I graduated to the study and practice of book proposal writing. I wrote at least three dozen drafts while my Mentor patiently encouraged me to keep trying. All the while, prayer and a listening ear helped me maintain a teachable heart.

Only three years later, I signed with WordServe. Recently, I signed a book contract for the original non-fiction idea I’d had at the conference. This may seem like a long time, but in publishing years, it’s pretty fast.

Today, I still need my Mentor. He’s guiding my mind and hands as I finish my book for publication. Because of Him, I hope to write many more.

If you’re an aspiring or experienced author, I encourage you to call my Mentor. He’s available 24/7/365. His name is God, and he turns good concepts into strong books. There’s no better Muse than the one who created your mind.

Do you have a mentor? Where do you go for guidance and encouragement?

Anita Brooks - Best Selling Author

God’s Story – The Best Selling Book of All Time

Finding a Publisher: 10 Steps to Success Part One

If you are a first time author and looking for a publisher, you need to know several facts about the book publishing business. It’s a big ocean to dive into, and remember: there are sharks. Like any kind of business, and book publishing is a business, there are people who want to make a quick buck out of naive and vulnerable authors, so avoid them at your peril.

Step 1 – Write the book. Publishers are not really interested in ideas. They want to see proof that a would-be author has the skill, the stamina and the discipline to finish the job. Publishers expect that a novel should be about 80,000 to 100,000 words long and, taking an average, that’s about 300 pages.

Step 2 – Before you send your MS to a publisher, have the courage to show your creation to someone who will give you an honest assessment of your writing. Don’t ask your spouse or best friend because they are not the best people to give you an honest report. Your local librarian might be a good place to start. It’s a harsh truth, but unfortunately the writing world is overcrowded with writers who have great expectations of themselves but have little talent.

Step 3 – Okay, you have written a book, and your honest critics say it is brilliant and should be published, well done! Now is the time to do some hard work trawling through the books, internet sites and writers groups who can aid you in your search and provide professional help and good advice.

In the UK there is a very useful publication called The Writer’s Handbook, and it is up-dated every year. The editor Barry Turner has done much of the leg work for you, and his handbook really is a useful and complete guide to agents, publishers, editors and copywriters.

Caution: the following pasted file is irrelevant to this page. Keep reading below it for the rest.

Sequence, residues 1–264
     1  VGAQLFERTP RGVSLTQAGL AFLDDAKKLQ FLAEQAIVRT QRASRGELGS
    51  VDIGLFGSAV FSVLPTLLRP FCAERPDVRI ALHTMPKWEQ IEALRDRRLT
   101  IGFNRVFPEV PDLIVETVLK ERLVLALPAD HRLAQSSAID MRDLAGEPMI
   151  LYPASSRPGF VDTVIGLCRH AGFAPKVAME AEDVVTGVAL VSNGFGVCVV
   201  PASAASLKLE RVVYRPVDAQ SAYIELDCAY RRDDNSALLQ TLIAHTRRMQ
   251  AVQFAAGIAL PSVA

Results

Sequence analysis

I am sure there must be a similar publication in the USA, so go out and get your own copy. I know it seems daft, but you need to know your own book, what genre it is and even what sub-genre it falls into. Next get a highlighter pen and work your way through the handbook and mark out those publishers who publish novels similar to your own. Be meticulous in this exercise, for it will save you time in the long run. It’s a total waste of time sending your romance story to a publisher who only publishes science fiction. Read the small print carefully.

Step 4 – Having got your list of prospective publishers then check out the minutiae of the submission guidelines. Many publishers will not accept unsolicited MS. So do not waste your time, money and effort sending your MS along to one of these companies. When they say they don’t accept unsolicited MS, they mean it, and they probably have their own arcane reasons for this rule. 

Step 5 – There are many publishers who do accept ‘unsolicited’ MS especially from new authors, in the hope they are going to sign-up the ace in the pack and that might just be you.

Your publishers list may be getting shorter by now, but this is good because you are refining your search, and with every step you are closer to finding the right publisher for you.

What are some steps that you took to find the best publisher for you (if you have one)? What are steps that you need to take to find a good publisher for you and your book (if you don’t have one)?